Dodd-Frank’s fatal flaw is assuming that regulators who failed to prevent the last crisis will foresee and prevent the next one. All they need are more rules and more power. But financial manias happen precisely because everyone assumes the good times will last forever.
The better way to prevent a panic is to have simple but firm rules along with high capital standards that make banks better able to endure losses in a downturn. That’s the philosophy behind House Financial Services Chairman Jeb Hensarling’s proposed financial reform, and it’s the direction the Trump Administration should take even without legislation.
But will it? The President signed his directives Friday after meeting with bank executives, and he didn’t help himself politically by praising the “great returns” BlackRock has earned. The point is to help the larger economy, not bank profits.
As a Goldman Sachs alum, Mr. Cohn has a particular burden not merely to relax regulations that are the bane of big banks while doing little to relieve the burden on their smaller competitors and tech start-ups. J.P. Morgan’s Jamie Dimon and Goldman Sachs’s Lloyd Blankfein have argued against a wholesale repeal of Dodd-Frank, which has given these large incumbents a competitive advantage.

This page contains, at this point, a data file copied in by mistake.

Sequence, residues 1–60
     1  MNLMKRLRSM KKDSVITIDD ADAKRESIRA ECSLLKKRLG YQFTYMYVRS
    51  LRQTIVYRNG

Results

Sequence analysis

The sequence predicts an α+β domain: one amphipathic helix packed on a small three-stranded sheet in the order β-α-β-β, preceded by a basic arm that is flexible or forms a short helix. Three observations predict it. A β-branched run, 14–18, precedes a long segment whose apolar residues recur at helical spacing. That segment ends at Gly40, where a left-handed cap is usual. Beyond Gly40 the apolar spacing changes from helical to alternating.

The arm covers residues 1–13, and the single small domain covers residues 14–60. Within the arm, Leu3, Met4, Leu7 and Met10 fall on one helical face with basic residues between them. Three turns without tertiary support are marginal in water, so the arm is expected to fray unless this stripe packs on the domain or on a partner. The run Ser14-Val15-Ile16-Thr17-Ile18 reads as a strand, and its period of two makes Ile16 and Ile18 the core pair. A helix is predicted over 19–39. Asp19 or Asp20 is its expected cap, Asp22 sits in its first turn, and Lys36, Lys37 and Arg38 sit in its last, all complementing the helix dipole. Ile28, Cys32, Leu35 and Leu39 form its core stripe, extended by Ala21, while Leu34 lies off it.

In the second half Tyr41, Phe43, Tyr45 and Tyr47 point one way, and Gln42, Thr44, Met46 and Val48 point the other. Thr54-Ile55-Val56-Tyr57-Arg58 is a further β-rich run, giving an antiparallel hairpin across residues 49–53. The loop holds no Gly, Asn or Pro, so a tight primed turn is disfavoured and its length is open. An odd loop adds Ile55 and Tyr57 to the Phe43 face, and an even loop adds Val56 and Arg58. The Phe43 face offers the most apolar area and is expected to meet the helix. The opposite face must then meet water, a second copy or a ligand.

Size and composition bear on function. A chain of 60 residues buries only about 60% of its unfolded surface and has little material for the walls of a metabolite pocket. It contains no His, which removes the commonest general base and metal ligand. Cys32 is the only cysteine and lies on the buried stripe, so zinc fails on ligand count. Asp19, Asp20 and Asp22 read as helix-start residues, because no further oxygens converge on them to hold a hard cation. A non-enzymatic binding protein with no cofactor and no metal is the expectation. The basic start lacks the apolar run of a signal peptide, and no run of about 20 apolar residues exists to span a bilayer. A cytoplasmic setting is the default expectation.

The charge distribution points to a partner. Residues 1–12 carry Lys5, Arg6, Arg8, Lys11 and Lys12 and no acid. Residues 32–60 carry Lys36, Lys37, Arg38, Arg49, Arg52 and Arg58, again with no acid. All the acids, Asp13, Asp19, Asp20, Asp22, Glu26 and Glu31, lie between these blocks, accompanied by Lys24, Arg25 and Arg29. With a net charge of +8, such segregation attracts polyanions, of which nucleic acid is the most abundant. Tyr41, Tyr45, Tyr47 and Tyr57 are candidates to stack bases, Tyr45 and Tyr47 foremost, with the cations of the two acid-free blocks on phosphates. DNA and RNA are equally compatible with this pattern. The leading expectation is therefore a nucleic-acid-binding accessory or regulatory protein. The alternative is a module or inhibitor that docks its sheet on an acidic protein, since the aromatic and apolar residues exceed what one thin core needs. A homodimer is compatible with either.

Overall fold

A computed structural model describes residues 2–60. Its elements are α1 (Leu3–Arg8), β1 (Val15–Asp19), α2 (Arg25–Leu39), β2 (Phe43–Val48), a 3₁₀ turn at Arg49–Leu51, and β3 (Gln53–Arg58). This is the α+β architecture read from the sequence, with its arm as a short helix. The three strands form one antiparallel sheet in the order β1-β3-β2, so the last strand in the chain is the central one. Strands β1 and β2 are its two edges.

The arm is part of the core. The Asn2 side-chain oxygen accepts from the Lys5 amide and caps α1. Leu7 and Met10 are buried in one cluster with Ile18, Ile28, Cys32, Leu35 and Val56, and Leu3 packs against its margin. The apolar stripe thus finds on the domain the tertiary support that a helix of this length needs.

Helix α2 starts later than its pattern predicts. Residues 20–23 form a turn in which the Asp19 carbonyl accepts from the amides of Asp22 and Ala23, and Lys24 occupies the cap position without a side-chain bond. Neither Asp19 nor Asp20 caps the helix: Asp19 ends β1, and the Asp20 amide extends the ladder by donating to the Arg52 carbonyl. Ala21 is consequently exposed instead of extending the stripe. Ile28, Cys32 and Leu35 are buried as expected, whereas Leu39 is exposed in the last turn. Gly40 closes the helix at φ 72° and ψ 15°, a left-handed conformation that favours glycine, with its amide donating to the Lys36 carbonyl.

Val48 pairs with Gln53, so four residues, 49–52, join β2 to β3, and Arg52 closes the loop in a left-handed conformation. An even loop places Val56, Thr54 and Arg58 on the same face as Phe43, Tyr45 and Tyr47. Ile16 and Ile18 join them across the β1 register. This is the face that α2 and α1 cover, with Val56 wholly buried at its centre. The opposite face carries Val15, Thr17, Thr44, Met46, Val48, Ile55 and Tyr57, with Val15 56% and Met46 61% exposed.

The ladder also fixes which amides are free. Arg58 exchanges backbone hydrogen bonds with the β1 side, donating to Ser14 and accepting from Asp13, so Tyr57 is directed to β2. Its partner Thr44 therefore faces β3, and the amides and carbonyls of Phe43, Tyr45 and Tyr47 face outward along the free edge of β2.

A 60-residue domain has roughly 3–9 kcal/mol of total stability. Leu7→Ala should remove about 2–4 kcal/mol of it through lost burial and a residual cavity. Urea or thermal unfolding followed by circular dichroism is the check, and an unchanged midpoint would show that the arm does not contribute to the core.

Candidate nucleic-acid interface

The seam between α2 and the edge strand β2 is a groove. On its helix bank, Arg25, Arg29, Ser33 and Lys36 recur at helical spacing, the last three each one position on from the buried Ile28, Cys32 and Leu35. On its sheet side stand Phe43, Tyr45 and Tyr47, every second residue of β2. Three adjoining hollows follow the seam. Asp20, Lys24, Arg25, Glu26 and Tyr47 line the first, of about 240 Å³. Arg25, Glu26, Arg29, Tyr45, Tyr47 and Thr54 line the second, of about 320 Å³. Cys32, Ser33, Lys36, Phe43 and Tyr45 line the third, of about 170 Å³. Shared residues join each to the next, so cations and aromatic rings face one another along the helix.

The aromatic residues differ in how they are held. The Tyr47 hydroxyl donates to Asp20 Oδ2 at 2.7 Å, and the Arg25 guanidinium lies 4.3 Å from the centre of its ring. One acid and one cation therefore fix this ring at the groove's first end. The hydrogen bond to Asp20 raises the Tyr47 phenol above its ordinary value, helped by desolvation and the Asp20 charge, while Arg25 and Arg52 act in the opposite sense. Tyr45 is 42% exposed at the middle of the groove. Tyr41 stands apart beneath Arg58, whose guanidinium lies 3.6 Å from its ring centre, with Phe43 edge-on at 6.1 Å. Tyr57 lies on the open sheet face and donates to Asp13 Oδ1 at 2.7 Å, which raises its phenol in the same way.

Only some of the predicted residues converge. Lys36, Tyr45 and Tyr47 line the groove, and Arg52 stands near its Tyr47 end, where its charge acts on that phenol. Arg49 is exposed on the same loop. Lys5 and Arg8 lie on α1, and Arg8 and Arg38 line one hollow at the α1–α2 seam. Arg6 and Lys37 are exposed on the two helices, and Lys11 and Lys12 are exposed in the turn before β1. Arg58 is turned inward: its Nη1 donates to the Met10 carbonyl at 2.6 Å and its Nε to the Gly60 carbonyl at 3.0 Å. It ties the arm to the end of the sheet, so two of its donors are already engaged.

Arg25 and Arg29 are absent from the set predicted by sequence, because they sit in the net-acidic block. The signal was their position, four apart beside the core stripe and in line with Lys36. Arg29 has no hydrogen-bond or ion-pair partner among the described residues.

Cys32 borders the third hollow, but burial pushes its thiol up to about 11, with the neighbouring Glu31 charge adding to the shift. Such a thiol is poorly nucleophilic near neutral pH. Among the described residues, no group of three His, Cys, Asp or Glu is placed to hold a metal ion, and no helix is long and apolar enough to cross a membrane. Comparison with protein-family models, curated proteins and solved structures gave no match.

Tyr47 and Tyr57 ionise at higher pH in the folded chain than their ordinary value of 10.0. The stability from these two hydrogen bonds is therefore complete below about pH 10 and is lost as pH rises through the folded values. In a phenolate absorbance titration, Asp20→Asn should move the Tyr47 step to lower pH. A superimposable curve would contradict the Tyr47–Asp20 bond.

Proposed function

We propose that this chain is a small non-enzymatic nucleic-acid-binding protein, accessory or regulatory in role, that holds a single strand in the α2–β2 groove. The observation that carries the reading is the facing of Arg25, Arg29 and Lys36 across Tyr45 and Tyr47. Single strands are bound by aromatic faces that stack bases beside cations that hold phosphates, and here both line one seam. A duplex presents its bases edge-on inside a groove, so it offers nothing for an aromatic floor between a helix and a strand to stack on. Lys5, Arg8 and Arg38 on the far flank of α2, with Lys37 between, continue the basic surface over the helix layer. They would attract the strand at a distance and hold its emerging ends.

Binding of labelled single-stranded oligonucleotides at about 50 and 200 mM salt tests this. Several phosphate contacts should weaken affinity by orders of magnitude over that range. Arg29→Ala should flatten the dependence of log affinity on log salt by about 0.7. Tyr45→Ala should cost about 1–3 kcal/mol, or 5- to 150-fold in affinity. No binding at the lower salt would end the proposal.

Although Mr. Cohn said the U.S. has the highest bank capital standards in the world, they aren’t as high as they should be. The trade he could offer Wall Street is less burdensome regulation in return for higher capital standards. The banks would then be freer to lend money while taxpayers have more protection against the next bailout. This would have the added political benefit of blunting the inevitable Democratic attacks that Messrs. Cohn and Trump are trying to help Wall Street.
Click here to view the article on WSJ.com.
Why is the government refusing to repay money it had no right to take in the first place?For six months Secretary Jack Lew’s Treasury Department has been acting as if it never lost a court case to MetLife and still won’t return the $4.6 million it owes to MetLife shareholders. On March 30, federal Judge Rosemary Collyer rescinded the Financial Stability Oversight Council’s designation of MetLife as a systemically important financial institution. The day after the decision, Federal Reserve staff who had been camped out in the insurer’s offices vacated the premises. The Fed also told the New York Department of Financial Services, MetLife’s primary regulator, that the central bank would not participate in an upcoming supervisory meeting. The Fed understood that it had no legal authority to continue regulating MetLife, so it ended its oversight. But Treasury’s
Federal regulators won’t forgive MetLife for beating them in court, and the arguments are now arriving in the government’s appeal in the D.C. Circuit Court of Appeals. Readers might want to know about the hilarious amicus brief offered by the two authors of the Dodd-Frank financial law that started it all.